How can the U.S. embrace smart cities?

Several factors are holding back the U.S. from implementing more smart cities technologies. Find out how the U.S. can turn this around to embrace smart cities.
Written by Tyler Falk, Contributor

The implementation of smart cities technology has a large economic and sustainable upside.

Smart cities have advanced technologies that aim to move people faster, save energy, connect people, and generally make all city services -- from healthcare to public safety -- more interactive and efficient. The market for implementing these technologies in cities could be to the tune of $1.2 trillion, says Bruce Katz, Director of the Metropolitan Policy Program at the Brookings Institution.

With 83 percent of the Americans living in metropolitan areas, investing in smart cities seems like it should be ripe in the U.S. In a post on Fast Company, Katz wonders why smart cities aren't blossoming in the U.S. like they are in places like China, South Korea, and Germany.

The most important barrier to U.S. leadership may be institutional fragmentation. Unlike the sale of new iPhones or Kindles (which favor innovative design, creative branding and the purchasing power of well-off consumers), the growth of smart cities demands strategic execution at the municipal and metropolitan scale and a close working relationship between business, government, and the broader citizenry.


An excess of municipal governments (and the general absence of metropolitan governments) means that there is no “one stop shop” for the application of innovative technologies in American cities and metropolitan areas. The public institutions which make decisions about transport are different from the ones that make decisions about education or water. These separate entities rarely coordinate with each other to integrate technology (and share information) between themselves or with utilities and other private or quasi public entities.  Federal and state governments rarely act to overcome this fragmentation by using strong mandates or healthy incentives to spur the widespread application of technology.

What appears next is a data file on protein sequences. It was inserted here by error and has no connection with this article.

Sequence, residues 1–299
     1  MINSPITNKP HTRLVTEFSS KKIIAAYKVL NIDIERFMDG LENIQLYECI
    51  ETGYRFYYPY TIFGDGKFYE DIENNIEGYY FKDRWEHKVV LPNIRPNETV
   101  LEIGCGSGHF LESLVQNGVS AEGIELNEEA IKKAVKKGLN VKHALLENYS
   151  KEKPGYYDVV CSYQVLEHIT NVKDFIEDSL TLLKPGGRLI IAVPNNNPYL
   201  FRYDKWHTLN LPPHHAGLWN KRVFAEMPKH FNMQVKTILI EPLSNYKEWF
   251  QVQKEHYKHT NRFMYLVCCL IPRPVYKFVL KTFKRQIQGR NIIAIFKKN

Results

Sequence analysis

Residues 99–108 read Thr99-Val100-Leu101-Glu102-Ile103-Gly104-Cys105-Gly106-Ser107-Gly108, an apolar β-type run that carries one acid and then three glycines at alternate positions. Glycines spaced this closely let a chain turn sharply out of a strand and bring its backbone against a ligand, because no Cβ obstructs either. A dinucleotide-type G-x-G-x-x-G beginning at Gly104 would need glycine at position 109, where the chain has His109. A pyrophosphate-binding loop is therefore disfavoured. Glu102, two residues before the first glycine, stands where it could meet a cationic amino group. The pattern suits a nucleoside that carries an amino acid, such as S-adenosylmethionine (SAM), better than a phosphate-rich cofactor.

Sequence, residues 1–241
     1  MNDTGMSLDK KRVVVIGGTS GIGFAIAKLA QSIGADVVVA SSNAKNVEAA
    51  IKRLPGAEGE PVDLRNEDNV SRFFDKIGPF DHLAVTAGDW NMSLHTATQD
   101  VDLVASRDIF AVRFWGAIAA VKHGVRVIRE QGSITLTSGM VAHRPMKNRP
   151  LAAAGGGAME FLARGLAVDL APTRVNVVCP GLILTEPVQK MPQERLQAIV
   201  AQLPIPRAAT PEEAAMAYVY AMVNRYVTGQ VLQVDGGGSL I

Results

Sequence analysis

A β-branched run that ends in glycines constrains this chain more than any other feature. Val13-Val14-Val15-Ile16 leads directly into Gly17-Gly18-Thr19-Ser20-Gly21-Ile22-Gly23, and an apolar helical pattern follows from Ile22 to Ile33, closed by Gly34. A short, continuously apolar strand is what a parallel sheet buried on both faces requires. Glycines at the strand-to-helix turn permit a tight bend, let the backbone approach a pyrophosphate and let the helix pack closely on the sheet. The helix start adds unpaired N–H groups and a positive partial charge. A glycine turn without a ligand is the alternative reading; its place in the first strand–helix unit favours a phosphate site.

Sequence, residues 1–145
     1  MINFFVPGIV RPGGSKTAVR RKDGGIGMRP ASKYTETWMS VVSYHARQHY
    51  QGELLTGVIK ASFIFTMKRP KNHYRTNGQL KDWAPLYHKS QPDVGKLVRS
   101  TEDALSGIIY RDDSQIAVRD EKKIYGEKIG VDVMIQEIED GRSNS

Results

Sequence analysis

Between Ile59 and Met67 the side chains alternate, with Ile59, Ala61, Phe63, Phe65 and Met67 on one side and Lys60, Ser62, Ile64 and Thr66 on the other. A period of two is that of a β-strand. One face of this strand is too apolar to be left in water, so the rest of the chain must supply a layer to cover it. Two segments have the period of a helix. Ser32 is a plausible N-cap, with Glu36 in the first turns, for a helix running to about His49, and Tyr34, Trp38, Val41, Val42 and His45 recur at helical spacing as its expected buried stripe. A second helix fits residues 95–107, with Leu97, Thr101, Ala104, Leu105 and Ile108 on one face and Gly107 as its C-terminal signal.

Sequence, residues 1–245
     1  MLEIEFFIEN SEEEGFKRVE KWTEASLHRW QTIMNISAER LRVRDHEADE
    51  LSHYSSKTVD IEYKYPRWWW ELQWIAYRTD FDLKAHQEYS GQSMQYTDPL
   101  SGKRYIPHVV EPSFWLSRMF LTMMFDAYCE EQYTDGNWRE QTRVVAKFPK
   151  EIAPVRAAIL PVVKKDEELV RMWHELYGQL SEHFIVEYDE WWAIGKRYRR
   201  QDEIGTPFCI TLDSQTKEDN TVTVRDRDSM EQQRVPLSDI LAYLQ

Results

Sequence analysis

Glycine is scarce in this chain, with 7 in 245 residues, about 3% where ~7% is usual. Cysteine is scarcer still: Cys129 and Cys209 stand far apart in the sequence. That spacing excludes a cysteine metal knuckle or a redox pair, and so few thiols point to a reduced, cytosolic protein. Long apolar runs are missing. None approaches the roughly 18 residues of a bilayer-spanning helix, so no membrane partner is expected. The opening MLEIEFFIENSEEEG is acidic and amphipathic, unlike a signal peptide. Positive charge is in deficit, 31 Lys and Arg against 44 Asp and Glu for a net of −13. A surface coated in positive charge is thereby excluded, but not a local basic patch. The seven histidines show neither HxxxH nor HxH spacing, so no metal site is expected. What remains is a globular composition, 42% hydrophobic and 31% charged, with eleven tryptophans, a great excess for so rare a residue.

Basically, bureaucracy and fragmented government agencies combined with uncoordinated regional planning discourage smart cities in the U.S. We'll need smarter government before we can get smart cities. But how?

  • Smart federal investment: "The federal and state governments should become smart investors. Federal transportation law, for example, could reward metropolitan areas that embrace congestion pricing or allocate transportation resources based on the integration of housing, transport and employment data."
  • Coordinate government agencies: "States could require fragmented municipal governments to establish common platforms for shared services or challenges. All these efforts would trigger markets for the application of smart technology."
  • Public-private partnerships: "At the city or metropolitan scale, intermediaries are needed to negotiate across the fragmented landscape of governmental and private entities. An example of this is Amsterdam Innovation Motor (AIM), a public private partnership in the city of Amsterdam that is catalyzing the creation of a smart grid and wide-scale adoption of smart metering."

So far private companies are leading the way on smart cities. So for now we'll have to be content with a "city-in-a-box" until the U.S. government gets smart on cities.

Photo: Sarmu/Flickr

This post was originally published on Smartplanet.com

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